This principle is only consistent with the larger context.  If this life within Christian community (as Paul lays it out here) is an expression of how people express their total commitment by God given by the gospel, then it only follows that when you express your gifts, you do it with all your heart.  Paul says that he who “contributes to the needs of others, let him give generously; if it is leadership, let him govern diligently; if it is showing mercy, let him do it cheerfully.”  Paul is simply saying that it is not the mere presence of gifts within the body that enable God-honoring community, it is the faithful and diligent excursive of those gifts which provide for biblical Christian community.  There are people in the body who have, by comparison, modest gifts, but they work and they pray and they are faithful.  Those people contribute to community far more than the person who may have enormous gifting, but who coast.  There are people who have tremendous gifts, but use such a small percentage of them because they are lazy and they can look good with not much work because they are very gifted.  Those people aren’t contributing to biblical Christian community and they needed to be regularly reminded of Christ’s parable of the talents.  If we are to see genuine Christian community, we must not only express our gifts but to work with great effort as we express them.  This honors God and enables us to fulfill our place within the body.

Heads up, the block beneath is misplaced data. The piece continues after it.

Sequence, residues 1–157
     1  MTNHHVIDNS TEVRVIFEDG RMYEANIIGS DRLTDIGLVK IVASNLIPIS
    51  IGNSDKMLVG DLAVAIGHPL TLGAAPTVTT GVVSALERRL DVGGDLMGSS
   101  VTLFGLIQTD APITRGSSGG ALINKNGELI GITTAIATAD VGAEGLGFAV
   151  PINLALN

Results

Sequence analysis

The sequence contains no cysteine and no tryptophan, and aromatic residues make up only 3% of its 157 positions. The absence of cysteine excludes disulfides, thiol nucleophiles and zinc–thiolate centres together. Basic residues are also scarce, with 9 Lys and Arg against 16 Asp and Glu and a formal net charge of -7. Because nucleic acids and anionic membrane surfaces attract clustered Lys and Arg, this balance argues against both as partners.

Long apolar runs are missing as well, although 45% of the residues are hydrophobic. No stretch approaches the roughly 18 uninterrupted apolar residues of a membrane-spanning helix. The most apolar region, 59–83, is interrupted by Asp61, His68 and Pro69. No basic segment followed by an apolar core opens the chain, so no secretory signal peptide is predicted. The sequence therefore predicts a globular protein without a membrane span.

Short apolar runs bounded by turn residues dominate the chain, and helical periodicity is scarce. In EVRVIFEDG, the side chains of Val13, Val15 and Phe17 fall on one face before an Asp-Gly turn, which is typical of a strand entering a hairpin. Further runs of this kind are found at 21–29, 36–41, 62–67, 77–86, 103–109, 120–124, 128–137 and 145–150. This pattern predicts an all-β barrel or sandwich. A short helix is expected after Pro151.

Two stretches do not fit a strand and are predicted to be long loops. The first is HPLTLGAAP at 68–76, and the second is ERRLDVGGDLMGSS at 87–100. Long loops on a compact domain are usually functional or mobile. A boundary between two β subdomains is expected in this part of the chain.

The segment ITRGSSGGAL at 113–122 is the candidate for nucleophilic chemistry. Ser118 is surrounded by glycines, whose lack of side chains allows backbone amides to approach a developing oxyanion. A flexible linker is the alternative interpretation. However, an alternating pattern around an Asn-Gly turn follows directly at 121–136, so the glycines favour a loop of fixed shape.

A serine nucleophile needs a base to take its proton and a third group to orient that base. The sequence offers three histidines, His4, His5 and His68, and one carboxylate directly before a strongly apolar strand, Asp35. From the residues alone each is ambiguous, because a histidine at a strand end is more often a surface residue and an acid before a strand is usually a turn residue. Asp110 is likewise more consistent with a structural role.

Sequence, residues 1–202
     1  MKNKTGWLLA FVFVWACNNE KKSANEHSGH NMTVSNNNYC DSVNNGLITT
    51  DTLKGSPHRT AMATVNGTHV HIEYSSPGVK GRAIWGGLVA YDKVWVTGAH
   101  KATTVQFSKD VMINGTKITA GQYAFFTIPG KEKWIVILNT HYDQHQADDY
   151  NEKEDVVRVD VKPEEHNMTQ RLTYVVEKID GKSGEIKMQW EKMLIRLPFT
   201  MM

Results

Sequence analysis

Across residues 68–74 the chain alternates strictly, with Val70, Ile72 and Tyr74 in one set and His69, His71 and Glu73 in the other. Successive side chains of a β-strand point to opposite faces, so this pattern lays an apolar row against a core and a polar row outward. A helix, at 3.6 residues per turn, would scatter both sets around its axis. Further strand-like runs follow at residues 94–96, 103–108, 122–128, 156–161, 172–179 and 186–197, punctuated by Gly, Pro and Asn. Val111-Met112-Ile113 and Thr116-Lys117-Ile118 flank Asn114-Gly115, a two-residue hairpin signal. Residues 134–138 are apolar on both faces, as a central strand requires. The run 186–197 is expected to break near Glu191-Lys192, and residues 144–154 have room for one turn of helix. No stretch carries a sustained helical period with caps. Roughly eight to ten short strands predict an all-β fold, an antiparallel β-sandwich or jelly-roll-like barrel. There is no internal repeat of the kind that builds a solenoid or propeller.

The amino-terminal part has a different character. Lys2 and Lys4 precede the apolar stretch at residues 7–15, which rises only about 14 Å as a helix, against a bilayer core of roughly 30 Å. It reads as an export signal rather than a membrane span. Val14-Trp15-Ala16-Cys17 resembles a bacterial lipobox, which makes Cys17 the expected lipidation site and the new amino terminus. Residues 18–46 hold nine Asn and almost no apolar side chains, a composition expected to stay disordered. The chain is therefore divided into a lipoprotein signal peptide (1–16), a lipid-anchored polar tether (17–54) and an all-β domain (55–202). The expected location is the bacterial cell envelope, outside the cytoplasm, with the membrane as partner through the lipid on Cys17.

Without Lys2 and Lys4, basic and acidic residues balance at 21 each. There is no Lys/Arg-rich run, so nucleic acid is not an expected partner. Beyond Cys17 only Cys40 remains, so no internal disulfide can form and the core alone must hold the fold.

Paul has much more to say about this high priority issue of Christian community, but the rest of it will be utterly impossible unless we take these words to heart.  Do we think about ourselves soberly—as servants who define themselves by their place in the body? The individualism of our culture which has infected all of us is toxic to Christian community.  Do we know where God has gifted us?  If we don’t the best way to find out is to start ministering within the body and ask God to show you.  In verse three Paul addresses this teaching to “every one of you.”  Christian community is impossible if 20% of the body does 80% of the ministry.  If we are totally sold out to God, which is the desire the gospel creates within a person—if we are being transformed by the renewing of our minds, we WILL want Christian community and we WILL become involved in ministry in the body of Christ.  In months to come, the leadership of the church will work toward enabling genuine Christian community here at Mount of Olives.  But we must together, by the Spirit, want it and we must follow Paul’s foundational exhortation here in verses 3-8 if we are to see it grow here at Mount of Olives.  May God give us the grace to be transformed by this truth as we allow it to penetrate our hearts and Christ’s church.